Elevation: 900–2,300 metres (3,000–7,500 feet) above sea level
Rainfall: 1,100–2,400 millimetres (43–94 inches)
Temperature: 17°C–25°C (63°F–77°F)
Santander, in Colombia’s northeast, was one of the nine ‘sovereign’ states of nineteenth-century Colombia. In 1910, new legislation divided Santander into two departments: Norte de Santander and modern-day Santander.
Although Norte de Santander produced Colombia’s first coffee exports, modern-day Santander may have been the site of the very first coffee plants grown in the country. Bernabé Ordóñez and Francisco Puyana planted the first coffee trees in Bucaramanga province in 1774 (Superintendency of Industry and Commerce 2014). They encouraged local farmers to follow their example, with little initial success: the total harvest in 1822 was less than a dozen bags (Garcia 1894).
The Camino Real, a pre-colonial road in the heart of Santander
The region that would become Norte de Santander dominated coffee production in the nineteenth century, but after the departments were partitioned in the twentieth century, Santander’s production began to grow as smallholder farmers entered the industry (Palacios 2009). The generally poor quality of Santander’s coffee at the time, combined with the requirement that most exports had to pass through Venezuela, hampered commercialisation efforts, however (Bergquist 1978), and the Eje Cafetero to the southwest became the main centre of production.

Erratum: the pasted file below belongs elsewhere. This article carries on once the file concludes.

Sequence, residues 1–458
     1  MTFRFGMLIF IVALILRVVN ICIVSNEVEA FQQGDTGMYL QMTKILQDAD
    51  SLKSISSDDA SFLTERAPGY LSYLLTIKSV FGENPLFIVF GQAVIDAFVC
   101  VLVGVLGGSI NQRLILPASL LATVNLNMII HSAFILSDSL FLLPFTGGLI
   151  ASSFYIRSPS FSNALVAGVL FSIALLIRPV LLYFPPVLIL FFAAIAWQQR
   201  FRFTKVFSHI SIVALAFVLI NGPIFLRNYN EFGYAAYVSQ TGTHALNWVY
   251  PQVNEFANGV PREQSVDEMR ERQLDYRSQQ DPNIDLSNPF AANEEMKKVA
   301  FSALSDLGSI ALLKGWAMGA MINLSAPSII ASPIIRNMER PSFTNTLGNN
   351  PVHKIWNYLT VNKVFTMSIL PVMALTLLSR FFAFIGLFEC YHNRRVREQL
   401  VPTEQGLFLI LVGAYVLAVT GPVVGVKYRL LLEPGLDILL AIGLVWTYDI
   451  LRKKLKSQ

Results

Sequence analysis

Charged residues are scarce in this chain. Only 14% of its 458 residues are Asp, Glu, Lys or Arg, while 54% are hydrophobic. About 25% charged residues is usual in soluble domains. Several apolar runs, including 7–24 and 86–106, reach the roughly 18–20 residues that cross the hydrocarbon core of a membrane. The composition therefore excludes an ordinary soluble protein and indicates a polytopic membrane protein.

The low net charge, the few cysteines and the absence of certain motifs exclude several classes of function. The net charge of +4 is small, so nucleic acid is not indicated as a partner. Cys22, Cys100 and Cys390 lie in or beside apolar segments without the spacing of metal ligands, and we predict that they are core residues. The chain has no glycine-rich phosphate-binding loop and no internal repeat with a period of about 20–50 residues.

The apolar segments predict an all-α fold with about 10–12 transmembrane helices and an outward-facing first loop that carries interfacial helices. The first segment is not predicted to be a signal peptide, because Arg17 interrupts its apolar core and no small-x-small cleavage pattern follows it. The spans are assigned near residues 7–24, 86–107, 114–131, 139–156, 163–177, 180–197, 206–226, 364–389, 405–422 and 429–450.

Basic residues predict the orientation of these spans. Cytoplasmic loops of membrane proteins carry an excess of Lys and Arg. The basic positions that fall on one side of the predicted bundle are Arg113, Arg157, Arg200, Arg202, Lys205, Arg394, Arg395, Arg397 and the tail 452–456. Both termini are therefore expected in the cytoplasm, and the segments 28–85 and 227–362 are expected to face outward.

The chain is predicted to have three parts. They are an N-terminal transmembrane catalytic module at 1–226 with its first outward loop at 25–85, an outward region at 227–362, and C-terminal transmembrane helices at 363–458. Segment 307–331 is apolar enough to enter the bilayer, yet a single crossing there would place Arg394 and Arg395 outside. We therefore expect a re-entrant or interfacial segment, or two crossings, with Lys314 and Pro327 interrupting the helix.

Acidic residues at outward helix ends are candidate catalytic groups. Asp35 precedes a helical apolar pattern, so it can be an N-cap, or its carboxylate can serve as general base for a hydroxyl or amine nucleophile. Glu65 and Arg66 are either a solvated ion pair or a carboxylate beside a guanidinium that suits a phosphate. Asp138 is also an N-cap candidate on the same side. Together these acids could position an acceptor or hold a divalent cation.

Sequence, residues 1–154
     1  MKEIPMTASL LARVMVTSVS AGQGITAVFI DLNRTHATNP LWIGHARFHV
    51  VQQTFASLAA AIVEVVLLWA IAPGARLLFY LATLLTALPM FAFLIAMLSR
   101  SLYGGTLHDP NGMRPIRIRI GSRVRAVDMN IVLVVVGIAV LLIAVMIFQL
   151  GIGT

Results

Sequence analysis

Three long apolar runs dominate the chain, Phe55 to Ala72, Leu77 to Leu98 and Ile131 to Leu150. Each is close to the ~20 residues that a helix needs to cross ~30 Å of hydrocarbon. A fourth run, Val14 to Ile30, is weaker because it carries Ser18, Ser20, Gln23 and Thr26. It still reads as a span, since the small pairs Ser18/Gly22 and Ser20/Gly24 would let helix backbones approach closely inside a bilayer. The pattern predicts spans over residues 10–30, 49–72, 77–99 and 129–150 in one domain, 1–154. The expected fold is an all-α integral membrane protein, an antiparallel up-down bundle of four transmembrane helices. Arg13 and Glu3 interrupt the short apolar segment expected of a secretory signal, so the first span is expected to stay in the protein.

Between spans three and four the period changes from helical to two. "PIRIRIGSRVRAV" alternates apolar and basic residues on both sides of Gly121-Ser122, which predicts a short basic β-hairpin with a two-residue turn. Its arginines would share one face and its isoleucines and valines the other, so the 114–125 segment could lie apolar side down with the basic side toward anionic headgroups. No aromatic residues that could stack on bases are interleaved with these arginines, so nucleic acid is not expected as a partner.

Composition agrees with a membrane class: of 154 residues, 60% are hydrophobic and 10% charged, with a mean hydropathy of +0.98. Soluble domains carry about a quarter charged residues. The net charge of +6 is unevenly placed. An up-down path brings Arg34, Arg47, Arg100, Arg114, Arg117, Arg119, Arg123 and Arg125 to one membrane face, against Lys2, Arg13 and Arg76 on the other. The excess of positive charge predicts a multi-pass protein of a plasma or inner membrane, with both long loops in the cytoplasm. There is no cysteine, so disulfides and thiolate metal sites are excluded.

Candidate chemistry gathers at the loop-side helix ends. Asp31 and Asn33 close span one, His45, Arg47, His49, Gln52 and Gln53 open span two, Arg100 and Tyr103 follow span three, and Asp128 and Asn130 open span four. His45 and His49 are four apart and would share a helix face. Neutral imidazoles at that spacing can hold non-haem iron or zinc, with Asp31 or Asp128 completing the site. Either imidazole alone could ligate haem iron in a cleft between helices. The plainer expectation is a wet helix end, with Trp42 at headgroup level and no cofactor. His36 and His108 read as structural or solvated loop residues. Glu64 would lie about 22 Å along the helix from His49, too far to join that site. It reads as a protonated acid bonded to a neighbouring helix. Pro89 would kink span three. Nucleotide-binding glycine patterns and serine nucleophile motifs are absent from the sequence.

Recent decades evidence a transformation in Santander’s production. The land area planted with coffee began to increase, from 41,000 hectares in 2007 to over 53,000 in 2021 (FNC 2022). The increase in production has been even more spectacular, doubling over the course of a decade to 810,000 bags per year in 2019 (FNC 2020).
Santander’s coffee industry had a further boost when it obtained a Denomination of Origin (DO) in 2014. The DO documentation highlights some of the challenges of growing coffee in the region.